Saying state employees' lives are being ruined by partisan politics, House Speaker Michael E. Busch said yesterday that he will join the state Senate in appointing legislators to investigate Gov. Robert L. Ehrlich Jr.'s personnel practices -- but only after the General Assembly session ends next month.
Busch said he and other legislators have fielded dozens of calls from career civil servants who were fired by the Ehrlich administration.
He said a bipartisan investigation is necessary to determine the truth of accusations that Ehrlich aides have been dispatched to state agencies to root out workers disloyal to the administration.
"The jobs he's going after in a concerted effort -- no one's seen anything like this before," Busch said. "If that has a place in state government, then we're never going to get qualified employees."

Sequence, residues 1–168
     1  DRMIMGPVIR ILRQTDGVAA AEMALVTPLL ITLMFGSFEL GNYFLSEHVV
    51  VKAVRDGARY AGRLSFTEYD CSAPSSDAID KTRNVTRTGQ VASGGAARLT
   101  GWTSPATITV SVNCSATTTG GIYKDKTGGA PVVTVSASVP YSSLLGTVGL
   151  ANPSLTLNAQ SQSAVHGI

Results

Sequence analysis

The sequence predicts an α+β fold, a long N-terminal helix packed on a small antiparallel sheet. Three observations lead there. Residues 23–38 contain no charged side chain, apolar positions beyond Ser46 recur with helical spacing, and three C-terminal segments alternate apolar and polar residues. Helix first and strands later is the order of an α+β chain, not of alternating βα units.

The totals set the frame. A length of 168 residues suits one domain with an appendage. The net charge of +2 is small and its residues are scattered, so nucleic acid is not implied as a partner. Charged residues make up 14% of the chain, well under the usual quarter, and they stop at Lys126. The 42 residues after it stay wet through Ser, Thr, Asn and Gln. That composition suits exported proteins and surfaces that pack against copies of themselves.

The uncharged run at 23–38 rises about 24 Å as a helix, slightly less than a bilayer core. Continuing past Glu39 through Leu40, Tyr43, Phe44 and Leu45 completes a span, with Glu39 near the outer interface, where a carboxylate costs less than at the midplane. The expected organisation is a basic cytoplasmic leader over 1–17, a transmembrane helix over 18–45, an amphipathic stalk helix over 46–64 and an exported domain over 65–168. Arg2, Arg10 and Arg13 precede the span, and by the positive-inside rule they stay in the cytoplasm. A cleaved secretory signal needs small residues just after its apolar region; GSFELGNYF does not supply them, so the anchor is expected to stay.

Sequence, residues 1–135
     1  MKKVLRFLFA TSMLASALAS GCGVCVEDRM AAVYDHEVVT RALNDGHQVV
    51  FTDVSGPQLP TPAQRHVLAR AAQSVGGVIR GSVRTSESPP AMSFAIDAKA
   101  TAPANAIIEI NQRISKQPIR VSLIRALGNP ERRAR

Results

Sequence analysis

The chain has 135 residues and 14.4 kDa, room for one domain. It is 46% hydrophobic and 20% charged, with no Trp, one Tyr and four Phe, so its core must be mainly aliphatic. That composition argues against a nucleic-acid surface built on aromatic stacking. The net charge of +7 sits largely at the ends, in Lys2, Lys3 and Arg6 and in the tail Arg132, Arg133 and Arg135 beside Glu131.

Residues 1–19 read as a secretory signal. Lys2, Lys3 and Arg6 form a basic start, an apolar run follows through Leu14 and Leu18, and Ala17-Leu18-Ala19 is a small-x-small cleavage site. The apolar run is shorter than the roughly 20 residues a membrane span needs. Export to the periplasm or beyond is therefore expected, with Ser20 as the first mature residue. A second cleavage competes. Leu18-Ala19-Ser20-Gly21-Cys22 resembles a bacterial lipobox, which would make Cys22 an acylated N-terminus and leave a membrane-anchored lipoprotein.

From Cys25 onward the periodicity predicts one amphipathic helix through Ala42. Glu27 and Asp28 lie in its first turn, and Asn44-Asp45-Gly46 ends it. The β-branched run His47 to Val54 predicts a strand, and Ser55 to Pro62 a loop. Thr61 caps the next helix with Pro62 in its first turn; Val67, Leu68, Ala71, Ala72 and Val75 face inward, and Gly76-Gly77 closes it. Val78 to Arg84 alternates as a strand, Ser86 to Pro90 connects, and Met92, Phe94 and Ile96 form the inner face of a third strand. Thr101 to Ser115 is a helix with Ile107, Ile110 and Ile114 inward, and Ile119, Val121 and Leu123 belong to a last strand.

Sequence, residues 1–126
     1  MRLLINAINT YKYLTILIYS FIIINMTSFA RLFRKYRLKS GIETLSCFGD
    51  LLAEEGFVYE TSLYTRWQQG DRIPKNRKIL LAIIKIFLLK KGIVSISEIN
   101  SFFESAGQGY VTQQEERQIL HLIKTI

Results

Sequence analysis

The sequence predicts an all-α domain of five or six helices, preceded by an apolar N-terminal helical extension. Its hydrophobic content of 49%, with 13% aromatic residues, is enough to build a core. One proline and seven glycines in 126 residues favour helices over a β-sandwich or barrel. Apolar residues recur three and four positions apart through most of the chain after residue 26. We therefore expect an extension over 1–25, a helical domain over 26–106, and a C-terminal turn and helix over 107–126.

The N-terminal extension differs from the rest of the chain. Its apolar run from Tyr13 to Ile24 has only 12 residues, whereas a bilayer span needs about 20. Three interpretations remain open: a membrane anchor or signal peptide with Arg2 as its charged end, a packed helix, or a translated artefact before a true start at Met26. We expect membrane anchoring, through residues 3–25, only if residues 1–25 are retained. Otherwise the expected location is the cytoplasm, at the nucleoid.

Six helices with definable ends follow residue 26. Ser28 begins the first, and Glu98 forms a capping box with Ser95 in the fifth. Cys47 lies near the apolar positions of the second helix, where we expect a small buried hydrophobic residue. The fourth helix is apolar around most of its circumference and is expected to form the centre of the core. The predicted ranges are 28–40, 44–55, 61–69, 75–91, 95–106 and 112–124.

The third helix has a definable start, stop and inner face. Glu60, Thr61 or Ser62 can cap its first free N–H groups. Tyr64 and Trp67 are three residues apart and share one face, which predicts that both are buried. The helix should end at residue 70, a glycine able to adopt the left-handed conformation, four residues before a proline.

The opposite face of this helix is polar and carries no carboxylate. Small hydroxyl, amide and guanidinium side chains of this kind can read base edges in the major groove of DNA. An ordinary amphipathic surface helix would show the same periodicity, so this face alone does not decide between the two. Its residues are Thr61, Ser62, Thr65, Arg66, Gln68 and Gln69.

Senate President Thomas V. Mike Miller has said he believes an investigation is warranted after the legislative session ends.
Busch said he was prompted to join Miller's call by documents released last week showing that Joseph Steffen, the Ehrlich aide who resigned after he was caught spreading rumors about Mayor Martin O'Malley, had invoked the authority of the governor's office in attempting to influence personnel decisions.
Administration officials have said Steffen was acting alone and overstepping his authority.
Ehrlich spokesman Henry Fawell said yesterday that the governor has nothing to hide and would welcome a "legitimate review" of personnel policies.
"If the Democrats have a problem with the personnel process in Annapolis, they need to take a long, hard look in the mirror, because it's their process. They created it," Fawell said.